Personal Injury

Injured parties at a ‘gross disadvantage’ in accident claims

By Staff

In the final instalment of a two-part series, Toronto personal injury lawyer Jennifer Hoffman explores challenges to the tort system.

Increasing deductibles, rising thresholds and the risks of going to trial are key factors contributing to the significant imbalance between people who are injured in motor vehicle accidents in Ontario and the insurance companies, says Toronto personal injury lawyer Jennifer Hoffman.

Ontario is the only jurisdiction in North America to have deductibles, she tells

"When a jury decides an insurance company must pay a plaintiff damages for injuries suffered in a crash, the victim will often not receive the full amount of the award," says Hoffman, founder of Hoffman Law P.C. “Most people aren’t aware of this, but the public needs to know."

When a jury or court makes a monetary award, close to $38,000 is automatically deducted right off the top, Hoffman explains.

“This statutory deductible was introduced in 1996 and has regularly been increased over the years,” she says. "And it continues to increase each year with inflation."

So if a jury or court awards an individual $50,000 for their pain and suffering, they will only receive $12,000 — and the jury can’t be told that the plaintiff won’t receive all of the cash they award, Hoffman says.

Contrast that to the benefits accident victims receive under the no-fault regime that haven't increased with inflation for many years and it paints a stark picture of how injured parties are at a “gross disadvantage,” she says.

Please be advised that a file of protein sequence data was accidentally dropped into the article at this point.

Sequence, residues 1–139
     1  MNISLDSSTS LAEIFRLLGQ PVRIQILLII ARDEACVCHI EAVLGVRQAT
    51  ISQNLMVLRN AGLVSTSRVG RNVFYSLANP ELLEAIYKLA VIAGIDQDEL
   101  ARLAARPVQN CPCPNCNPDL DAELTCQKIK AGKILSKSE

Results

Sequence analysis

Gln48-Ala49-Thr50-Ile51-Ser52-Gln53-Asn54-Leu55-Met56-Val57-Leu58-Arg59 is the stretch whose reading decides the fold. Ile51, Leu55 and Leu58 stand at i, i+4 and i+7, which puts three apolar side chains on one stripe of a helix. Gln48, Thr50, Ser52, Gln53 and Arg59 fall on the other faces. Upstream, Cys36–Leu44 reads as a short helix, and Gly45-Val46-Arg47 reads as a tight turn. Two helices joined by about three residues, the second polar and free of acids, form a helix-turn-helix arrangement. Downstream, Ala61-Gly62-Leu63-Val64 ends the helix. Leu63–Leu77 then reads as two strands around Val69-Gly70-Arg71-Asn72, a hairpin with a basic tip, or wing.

“It’s becoming more difficult for plaintiffs to recover when they have, in fact, been injured through no fault of their own in a motor vehicle accident," she says.

Another challenge for plaintiffs is the threshold that is required for them to recover costs — those seeking general damages must be able to prove that the injury is permanent and substantially impacts their daily life, Hoffman adds.

For instance, she says someone who has sustained injuries following a car accident might feel pressure to go back to work if they’re unable to receive compensation from the insurance company — even though they are suffering through the pain and taking medication.

“You would think in those circumstances insurers would recognize that this person has returned to work, but they’re struggling. And, in the past they have, but what we’re seeing more and more is that when someone does return to work, it becomes incredibly difficult for them to recover in a lawsuit," she says. “The insurers take a very strong stand on the threshold.

“It’s being used illogically by some insurance companies. Not all of them, some are more fair than others. But for the most part, we’re seeing a significant attitude shift among insurers in Ontario, leading to huge challenges in the industry.”

There's a risk that the injured party will walk away with nothing, Hoffman says.

“Going to trial is an intimidating prospect for any individual. The risk is now even higher with increased deductibles and the threshold. If an injured person loses the trial due to these obstacles, they face the risk of paying a portion of the insurance company’s legal costs," she says.

That huge gap in the balance of power is creating inequality in the system, Hoffman says.

"That’s always been the case, in a way, because insurers are large corporations, with deep pockets, that can better afford the risks of trial, compared to the single mother who’s been injured in an accident, and has no choice but to return to work," she says.

While the Ontario Trial Association has been fighting this imbalance, Hoffman says the public is generally unaware.

“It isn’t until they are injured and talk to a lawyer about suing that they learn these challenges,” she says.

Click here to read part one where Hoffman examines the erosion of accident benefits in Ontario.

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